While certain students may be more susceptible to becoming victims of bullying, such as those who are more insecure and anxious than others, it is critical that we realize that all students can be bullied and are capable of bullying others. Whereas boys tend to bully in physical ways (pushing, shoving, fighting), girls are more likely to bully in more relational ways (gossiping and rumor spreading). Both boys and girls victimize others by excluding or shunning others from social groups. This kind of bullying, known as mental or emotional bullying, has effects that can be most damaging and last a lifetime.
If your child exhibits one or more of these warning signs, he/she may be a victim of bullying – physical, verbal or emotional. Be aware that because many children, particularly in the upper elementary and middle school grades, experience shame about being a victim of bullying and may deny that it is happening. Talk with your child to explore further, and do your best to exercise patience.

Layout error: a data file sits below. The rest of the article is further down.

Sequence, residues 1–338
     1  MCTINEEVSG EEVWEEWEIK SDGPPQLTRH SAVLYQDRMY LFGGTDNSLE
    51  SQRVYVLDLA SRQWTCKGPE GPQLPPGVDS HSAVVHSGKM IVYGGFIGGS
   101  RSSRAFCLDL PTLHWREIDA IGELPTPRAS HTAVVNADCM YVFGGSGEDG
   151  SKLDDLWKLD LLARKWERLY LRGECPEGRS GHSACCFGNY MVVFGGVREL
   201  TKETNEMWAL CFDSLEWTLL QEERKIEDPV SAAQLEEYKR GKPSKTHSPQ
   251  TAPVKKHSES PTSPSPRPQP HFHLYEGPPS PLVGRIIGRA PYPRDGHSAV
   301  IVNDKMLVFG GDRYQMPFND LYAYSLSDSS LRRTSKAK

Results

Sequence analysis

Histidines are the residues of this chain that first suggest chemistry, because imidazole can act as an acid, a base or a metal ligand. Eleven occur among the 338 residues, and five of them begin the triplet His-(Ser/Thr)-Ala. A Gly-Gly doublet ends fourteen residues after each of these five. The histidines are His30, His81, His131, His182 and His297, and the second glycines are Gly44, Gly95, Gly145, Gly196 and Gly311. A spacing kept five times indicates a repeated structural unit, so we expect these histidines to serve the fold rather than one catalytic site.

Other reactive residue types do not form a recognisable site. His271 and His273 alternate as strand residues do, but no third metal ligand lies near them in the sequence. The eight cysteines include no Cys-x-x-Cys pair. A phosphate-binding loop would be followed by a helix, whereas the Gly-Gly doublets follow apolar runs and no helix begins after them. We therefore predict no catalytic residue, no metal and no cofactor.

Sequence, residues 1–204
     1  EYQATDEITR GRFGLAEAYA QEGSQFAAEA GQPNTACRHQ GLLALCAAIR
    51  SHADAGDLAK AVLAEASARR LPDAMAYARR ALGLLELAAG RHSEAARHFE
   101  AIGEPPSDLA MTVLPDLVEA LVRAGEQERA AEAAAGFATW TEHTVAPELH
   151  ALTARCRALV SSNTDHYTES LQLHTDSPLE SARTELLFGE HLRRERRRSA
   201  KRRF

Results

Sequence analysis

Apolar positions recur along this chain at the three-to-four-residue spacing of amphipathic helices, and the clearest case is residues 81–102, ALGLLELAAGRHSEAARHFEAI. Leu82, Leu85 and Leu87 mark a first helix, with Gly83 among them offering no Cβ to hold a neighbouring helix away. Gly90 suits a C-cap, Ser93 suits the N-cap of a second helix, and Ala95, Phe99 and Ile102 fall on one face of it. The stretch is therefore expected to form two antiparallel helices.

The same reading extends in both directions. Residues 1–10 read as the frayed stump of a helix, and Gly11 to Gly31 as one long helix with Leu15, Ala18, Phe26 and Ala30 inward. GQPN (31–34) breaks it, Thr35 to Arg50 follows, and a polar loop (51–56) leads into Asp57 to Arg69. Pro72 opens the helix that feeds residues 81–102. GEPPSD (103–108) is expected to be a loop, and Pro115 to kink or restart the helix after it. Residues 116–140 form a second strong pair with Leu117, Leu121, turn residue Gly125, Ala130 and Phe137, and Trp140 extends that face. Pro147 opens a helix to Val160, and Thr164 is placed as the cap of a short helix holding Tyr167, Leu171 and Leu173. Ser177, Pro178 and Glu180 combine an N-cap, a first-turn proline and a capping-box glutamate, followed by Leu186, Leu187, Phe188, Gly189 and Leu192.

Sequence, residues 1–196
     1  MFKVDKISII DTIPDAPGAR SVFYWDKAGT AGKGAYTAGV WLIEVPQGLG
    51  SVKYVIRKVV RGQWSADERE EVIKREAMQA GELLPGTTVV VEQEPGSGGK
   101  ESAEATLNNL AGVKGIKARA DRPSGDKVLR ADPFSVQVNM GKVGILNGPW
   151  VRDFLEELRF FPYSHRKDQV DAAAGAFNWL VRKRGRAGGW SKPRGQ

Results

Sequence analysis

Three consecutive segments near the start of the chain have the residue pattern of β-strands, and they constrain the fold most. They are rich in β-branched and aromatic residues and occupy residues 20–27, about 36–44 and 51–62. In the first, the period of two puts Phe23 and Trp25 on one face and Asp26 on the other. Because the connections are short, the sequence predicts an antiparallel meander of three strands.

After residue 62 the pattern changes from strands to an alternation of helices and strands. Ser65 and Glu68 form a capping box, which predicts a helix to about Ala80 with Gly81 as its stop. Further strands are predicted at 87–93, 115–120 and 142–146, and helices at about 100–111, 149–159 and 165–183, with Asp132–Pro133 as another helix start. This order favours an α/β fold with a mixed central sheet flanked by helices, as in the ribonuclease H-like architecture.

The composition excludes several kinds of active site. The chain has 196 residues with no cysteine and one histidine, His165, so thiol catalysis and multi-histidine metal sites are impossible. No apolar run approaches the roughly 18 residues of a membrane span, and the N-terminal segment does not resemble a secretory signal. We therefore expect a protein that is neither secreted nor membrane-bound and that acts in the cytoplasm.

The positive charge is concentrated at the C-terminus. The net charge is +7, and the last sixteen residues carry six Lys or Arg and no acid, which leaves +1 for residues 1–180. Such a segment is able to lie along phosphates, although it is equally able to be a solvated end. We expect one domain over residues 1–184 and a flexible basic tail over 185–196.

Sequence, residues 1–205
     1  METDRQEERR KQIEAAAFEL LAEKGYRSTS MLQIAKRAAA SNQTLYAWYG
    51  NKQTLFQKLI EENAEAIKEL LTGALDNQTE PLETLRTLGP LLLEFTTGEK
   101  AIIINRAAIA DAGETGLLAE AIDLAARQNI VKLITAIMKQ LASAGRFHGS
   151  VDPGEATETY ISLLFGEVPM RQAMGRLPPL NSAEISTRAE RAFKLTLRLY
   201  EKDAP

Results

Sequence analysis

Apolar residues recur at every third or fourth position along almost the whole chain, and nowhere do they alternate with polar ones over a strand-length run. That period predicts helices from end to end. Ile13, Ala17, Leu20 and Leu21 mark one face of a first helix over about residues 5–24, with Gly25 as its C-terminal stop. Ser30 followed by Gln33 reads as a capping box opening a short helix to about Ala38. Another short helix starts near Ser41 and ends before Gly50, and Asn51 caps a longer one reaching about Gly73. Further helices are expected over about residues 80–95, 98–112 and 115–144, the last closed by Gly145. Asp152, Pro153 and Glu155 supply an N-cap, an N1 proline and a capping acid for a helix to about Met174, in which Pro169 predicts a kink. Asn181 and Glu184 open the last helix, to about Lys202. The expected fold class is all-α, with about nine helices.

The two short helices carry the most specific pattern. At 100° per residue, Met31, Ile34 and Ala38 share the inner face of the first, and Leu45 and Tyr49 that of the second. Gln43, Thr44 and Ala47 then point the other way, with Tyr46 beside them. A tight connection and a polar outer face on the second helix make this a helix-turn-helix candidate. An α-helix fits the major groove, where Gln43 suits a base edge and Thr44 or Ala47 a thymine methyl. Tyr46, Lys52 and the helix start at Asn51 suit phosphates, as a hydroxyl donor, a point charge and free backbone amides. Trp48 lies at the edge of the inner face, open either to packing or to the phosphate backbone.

- Changes in appetite
- Changes in sleep patterns – sleeps too much, too little, is exhausted
- Frequently complains of illness – stomachaches, headaches, panic attacks
- Displays mood swings; cries or is angered more easily than is usual for that child
- Does not want to go to school; avoids school/skips classes
- Feels isolated, alone, sad, rejected, not liked
- Talks of running away or suicide